When a woman in uniform walks through a train, passengers still pass her their rubbish and think she's the cleaner. I'm one of the 4% of train drivers in the UK who are female and one of the 9% at the London Overground. It means you get some stares, some raised eyebrows, maybe even asked to pose for a photo now and again. Why's that still the case?
The first woman to drive trains was Karen Harrison, a Glaswegian who came down to London to find work in 1979. It took a lot of courage in those days to stand up to the sexism and blokeness of it all. At the time, she said it was like being a 'turd in a swimming pool' and went on become an active union member and campaigner for women in the rail industry.
It's become a brilliant job for women. You don't need a degree and yet salaries for driving - not management - go up to over £50,000, along with plenty of days off. On average I work four days a week with a 35 hour week. And then one week in every four we have seven days off so get a long weekend. Before I applied to be a trainee driver I'd been doing the roles that are much more typical for a working mum who also needs to think about the family and when she's going to be around to sort out problems. I'd worked as a primary school teacher and initially worked on the railway as a customer service manager. Driving is an escape from that kind of cycle, when no-one expects you to do anything else but turn up and get on with it, no training, no real rewards for working harder. I spent eight months training with London Overground (LOROL) and qualified to drive trains in mid-2015.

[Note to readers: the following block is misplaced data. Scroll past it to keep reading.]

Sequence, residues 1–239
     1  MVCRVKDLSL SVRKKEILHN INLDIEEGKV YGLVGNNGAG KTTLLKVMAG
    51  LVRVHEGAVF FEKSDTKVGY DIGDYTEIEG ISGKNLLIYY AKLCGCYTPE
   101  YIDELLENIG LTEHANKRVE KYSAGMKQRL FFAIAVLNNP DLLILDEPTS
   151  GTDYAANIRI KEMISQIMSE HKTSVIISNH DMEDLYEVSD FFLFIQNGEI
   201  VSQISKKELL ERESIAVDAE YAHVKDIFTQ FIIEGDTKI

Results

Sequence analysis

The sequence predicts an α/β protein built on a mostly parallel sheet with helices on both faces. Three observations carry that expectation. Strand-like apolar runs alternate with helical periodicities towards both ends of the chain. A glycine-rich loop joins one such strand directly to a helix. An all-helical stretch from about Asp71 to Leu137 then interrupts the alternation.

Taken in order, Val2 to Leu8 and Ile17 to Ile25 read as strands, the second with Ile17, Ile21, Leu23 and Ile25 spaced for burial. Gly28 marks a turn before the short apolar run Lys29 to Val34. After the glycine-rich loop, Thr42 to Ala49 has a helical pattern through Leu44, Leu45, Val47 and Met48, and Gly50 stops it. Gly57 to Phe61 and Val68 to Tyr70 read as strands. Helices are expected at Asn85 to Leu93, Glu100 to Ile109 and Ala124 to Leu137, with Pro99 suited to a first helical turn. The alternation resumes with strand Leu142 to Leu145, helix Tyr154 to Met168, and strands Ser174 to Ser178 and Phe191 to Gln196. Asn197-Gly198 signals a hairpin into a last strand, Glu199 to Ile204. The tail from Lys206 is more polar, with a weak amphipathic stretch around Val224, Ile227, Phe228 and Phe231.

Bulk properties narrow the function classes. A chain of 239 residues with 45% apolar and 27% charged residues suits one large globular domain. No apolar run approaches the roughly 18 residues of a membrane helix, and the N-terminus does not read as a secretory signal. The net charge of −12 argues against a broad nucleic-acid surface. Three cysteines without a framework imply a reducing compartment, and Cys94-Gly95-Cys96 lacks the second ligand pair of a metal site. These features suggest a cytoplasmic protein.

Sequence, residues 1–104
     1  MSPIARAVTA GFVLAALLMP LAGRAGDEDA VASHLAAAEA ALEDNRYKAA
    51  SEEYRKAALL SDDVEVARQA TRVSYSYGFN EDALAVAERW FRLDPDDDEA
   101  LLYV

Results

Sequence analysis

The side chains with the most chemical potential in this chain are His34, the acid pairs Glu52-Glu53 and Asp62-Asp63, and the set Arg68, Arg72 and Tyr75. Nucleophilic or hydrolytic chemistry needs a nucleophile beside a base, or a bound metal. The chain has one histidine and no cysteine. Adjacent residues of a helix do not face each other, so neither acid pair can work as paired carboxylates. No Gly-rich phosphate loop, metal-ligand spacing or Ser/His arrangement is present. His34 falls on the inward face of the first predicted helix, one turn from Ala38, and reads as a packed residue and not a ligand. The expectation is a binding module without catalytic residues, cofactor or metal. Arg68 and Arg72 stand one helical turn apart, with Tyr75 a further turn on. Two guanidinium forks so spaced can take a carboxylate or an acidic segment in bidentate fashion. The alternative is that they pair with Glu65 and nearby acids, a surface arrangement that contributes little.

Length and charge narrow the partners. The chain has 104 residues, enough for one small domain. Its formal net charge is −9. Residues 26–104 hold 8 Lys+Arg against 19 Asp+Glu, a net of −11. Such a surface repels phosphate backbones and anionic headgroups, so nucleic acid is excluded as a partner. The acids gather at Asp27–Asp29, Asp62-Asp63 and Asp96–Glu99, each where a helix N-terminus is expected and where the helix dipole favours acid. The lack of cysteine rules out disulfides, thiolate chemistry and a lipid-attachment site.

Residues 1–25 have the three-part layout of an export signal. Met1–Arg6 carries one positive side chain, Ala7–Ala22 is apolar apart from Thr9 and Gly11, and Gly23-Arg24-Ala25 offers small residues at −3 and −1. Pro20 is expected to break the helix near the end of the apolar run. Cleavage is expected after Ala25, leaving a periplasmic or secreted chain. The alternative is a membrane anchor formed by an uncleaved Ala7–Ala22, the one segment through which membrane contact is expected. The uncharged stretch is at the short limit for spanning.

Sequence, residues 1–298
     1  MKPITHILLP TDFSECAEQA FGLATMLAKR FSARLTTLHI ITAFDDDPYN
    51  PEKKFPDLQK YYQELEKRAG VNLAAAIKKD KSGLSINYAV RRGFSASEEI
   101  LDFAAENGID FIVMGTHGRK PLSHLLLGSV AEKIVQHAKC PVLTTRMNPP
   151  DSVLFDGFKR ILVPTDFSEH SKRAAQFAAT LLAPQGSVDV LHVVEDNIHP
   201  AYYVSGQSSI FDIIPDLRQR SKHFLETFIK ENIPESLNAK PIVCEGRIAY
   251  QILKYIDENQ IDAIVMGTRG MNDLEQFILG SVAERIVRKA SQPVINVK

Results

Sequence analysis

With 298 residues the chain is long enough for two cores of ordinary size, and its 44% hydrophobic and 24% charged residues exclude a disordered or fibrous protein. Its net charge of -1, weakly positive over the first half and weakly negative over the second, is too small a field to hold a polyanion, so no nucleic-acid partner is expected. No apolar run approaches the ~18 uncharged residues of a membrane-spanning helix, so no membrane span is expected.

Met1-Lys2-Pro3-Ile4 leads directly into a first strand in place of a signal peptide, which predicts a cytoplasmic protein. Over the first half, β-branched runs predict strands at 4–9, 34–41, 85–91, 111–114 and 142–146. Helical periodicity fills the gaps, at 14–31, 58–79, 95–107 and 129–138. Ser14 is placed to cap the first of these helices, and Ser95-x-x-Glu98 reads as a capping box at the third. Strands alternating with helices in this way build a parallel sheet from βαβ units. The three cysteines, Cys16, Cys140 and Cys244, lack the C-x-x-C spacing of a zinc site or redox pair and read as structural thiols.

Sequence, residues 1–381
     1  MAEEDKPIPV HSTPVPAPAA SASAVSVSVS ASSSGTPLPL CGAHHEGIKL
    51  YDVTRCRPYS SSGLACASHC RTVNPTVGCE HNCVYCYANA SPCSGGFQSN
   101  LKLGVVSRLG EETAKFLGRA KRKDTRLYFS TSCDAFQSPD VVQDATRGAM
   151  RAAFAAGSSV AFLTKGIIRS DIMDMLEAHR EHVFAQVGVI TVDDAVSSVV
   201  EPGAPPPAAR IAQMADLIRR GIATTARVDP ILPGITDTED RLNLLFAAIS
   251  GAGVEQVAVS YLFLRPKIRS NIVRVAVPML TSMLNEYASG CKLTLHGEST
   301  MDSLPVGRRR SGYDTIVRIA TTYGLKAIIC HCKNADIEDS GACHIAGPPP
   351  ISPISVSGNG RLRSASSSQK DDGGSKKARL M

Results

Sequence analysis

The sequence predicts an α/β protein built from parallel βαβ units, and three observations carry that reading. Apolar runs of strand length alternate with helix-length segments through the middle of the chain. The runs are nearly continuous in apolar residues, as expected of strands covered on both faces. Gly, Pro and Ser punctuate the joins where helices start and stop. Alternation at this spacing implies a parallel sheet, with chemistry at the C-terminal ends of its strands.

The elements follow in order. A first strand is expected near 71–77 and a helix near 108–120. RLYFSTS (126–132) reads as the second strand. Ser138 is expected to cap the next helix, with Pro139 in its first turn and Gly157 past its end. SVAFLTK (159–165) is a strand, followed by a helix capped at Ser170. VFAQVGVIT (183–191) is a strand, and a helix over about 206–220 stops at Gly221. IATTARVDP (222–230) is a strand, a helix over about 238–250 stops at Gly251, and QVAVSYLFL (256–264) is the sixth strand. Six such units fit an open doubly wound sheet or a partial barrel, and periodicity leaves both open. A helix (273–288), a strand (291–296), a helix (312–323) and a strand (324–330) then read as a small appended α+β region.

There's nothing about the job that is better suited to men. The days are long gone when the driver was also expected to roll up their sleeves and fix mechanical problems. There are team of technicians for that. Most important is the ability to concentrate and focus for long periods of time, to take responsibility, to be able to communicate with signalling staff and passengers, be able to prioritise your responsibilities and have the calm and resilience to deal with the occasional problem or emergency.
Now it's more a case of women just being aware that these kinds of jobs are a very real option. You don't have to be stuck in short-term jobs or dealing with all the office politics. Okay, you're going to face a lot of competition because of the level of pay and conditions - considering you don't need particular qualifications or experience. They're not letting just anyone take charge of a public transport vehicle either, there's plenty of testing and assessment. But train companies are trying much harder to encourage more women to apply as train drivers - they know that lots of women have the skills they're looking for, and when it comes to dedication, a mum's got plenty.